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Understanding Financial Literacy is the Key to Young Professional Success

Overcoming Financial Stressors

May 10, 2019

40% of adults in the U.S. don’t have enough savings to cover a $400 emergency. 56% of millennials don’t have any money saved in a retirement account. Over 40% of Americans have less than $10,000 saved when they retire. 20% of Americans don’t save any of their annual income at all. 43% of Americans spend more than they receive each month. Are any of these statistics shocking? There is a clear lack of financial literacy nationally in all age groups.

Identifying the financial challenge

Financial literacy encompasses the knowledge, confidence and ability to make positive financial decisions regarding managing money and assets, banking, investments, credit, insurance, taxes, budgeting, retirement planning, risk management and more. Ultimately individual’s behaviors impact their life and those alarming financial statistics.

Low financial literacy can lead to financial stress, which can negatively affect overall well-being, health, relationships and workplace performance. Individuals, families and companies have a stake in desiring improved financial literacy. According to a 2014 University of Arizona longitudinal study, nearly half of graduates with full-time jobs still rely on their parents for financial support. This raises concern about young professionals’ financial decision-making skills and may negatively impact parents’ ability to achieve their own financial goals.

Companies are also affected by employee’s financial literacy levels. According to a study by Purchasing Power, nearly 50% of employees are stressed about personal financial issues during work hours, and nearly 30% of American workers have spent time dealing with personal finances while at work. This creates a presenteeism issue in which an employee is at work but performing at suboptimal levels due to being distracted by personal issues and other concerns.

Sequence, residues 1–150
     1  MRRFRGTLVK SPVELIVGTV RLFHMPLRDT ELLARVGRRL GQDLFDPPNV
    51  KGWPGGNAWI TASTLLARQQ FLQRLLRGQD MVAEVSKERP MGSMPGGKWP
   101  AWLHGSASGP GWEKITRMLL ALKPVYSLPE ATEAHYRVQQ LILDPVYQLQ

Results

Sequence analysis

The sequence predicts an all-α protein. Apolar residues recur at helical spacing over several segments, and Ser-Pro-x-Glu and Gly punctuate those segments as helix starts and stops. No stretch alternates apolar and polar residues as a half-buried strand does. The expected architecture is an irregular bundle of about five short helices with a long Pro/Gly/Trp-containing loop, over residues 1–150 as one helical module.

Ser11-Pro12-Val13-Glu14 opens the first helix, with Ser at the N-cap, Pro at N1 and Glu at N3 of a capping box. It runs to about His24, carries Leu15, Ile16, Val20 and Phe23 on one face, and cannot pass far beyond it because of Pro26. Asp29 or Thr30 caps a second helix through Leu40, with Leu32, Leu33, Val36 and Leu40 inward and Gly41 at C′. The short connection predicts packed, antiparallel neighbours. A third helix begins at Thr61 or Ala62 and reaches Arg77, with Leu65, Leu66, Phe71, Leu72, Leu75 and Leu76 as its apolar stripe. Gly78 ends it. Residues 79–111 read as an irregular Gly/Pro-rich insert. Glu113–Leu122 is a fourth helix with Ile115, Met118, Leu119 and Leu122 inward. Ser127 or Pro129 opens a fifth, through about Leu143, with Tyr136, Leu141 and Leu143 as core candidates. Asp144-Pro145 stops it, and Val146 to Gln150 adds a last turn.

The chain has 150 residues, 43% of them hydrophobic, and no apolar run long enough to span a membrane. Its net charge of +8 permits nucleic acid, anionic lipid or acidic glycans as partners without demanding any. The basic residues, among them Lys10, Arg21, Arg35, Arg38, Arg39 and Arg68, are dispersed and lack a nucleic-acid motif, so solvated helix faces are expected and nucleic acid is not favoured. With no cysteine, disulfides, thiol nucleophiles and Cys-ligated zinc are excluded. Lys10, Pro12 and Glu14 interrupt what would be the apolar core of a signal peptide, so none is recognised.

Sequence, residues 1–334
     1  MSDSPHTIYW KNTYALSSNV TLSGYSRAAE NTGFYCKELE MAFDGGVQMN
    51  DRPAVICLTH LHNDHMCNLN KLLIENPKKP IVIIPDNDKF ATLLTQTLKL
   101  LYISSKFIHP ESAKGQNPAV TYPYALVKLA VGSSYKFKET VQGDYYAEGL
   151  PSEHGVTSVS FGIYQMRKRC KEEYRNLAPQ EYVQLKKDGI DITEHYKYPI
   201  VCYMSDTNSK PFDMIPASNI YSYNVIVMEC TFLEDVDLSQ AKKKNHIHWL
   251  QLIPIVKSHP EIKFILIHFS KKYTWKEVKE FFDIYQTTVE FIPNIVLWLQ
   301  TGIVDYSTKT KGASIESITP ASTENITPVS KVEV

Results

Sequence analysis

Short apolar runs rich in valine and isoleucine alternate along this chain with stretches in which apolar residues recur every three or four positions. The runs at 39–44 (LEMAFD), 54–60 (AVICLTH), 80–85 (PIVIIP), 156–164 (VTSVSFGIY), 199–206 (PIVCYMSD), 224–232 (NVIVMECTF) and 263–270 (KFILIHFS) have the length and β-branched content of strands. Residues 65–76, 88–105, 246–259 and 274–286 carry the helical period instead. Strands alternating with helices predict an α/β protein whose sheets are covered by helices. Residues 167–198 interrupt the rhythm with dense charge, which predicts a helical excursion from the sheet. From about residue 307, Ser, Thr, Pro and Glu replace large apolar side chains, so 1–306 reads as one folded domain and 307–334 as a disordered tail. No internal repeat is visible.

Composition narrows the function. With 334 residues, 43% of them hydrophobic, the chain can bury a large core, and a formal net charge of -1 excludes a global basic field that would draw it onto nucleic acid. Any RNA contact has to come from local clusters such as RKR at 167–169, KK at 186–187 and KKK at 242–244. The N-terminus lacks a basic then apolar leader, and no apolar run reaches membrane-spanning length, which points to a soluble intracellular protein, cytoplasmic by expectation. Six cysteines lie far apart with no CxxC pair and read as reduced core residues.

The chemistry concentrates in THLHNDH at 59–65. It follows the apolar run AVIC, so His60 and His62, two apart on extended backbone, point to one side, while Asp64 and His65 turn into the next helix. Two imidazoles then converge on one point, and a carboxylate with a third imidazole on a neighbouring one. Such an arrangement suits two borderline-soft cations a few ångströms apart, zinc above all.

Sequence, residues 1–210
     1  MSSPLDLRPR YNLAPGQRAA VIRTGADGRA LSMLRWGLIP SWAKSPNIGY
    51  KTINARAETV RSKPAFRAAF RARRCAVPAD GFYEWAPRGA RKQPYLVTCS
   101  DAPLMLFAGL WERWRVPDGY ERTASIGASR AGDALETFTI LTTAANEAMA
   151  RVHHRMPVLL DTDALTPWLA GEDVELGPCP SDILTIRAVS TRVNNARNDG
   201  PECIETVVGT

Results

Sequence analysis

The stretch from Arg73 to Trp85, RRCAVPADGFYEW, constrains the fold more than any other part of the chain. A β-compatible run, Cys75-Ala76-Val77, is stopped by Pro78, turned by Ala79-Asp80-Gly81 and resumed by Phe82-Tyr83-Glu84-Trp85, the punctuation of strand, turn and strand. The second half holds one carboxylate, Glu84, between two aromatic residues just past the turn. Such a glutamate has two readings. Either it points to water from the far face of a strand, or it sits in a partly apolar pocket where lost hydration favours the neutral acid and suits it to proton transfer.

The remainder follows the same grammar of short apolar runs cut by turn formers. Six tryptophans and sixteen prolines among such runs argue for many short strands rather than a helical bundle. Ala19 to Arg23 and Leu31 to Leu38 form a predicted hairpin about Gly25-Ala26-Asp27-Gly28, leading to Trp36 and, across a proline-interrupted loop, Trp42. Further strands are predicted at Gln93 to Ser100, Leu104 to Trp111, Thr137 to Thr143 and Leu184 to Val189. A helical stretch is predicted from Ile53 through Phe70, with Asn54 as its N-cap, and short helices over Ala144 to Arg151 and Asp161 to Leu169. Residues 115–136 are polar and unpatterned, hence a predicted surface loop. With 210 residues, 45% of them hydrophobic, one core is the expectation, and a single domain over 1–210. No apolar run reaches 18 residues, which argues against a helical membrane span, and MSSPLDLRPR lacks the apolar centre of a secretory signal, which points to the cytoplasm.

Make change to make change

Individuals, families and workplaces can all be positively impacted by improved financial literacy and decreased financial stress. Specifically, young professionals with a long time horizon have the ability to make a significant financial impact for themselves through compounding interest. When invested, compounding interest can cause wealth to snowball. Small changes in financial behaviors can create significant values over a long time horizon.

According to a 2013 Financial Finesse study, 93% of employees improved financial behaviors after completing a workplace financial educational program. Do you want to increase your financial literacy? The Des Moines Young Professionals Connection (YPC) has an upcoming financial literacy workshop series with topics including:

  • Financial freedom for millennials,
  • Personal budgeting,
  • Debt management,
  • Employee benefits and insurance,
  • Investments,
  • Identity risk management,
  • Life insurance and estate planning,
  • Identity risk management,
  • First time home buying, and
  • Private company valuation and exit strategies.

I encourage you to take steps in improving your financial literacy – the first step might be as simple as attending one or more of these workshops. Details for each workshop can be found at: http://ypcdsmia.chambermaster.com/events/calendar/2019-05-01.

Young Professionals Connection (YPC) aims to attract and retain young professionals in Greater Des Moines (DSM) by connecting emerging leaders to each other and to the community through social, civic, charitable and professional development endeavors. Learn how you can get involved.

Michelle Temeyer

Michelle Temeyer, CPA, is a financial analyst at BCC Advisers where she performs business valuations for a variety of purposes including: ESOPs, mergers and acquisitions, estates, gifting, management planning, and litigation. Michelle is passionate about personal finances and encourages everyone to use their finances to reflect their values.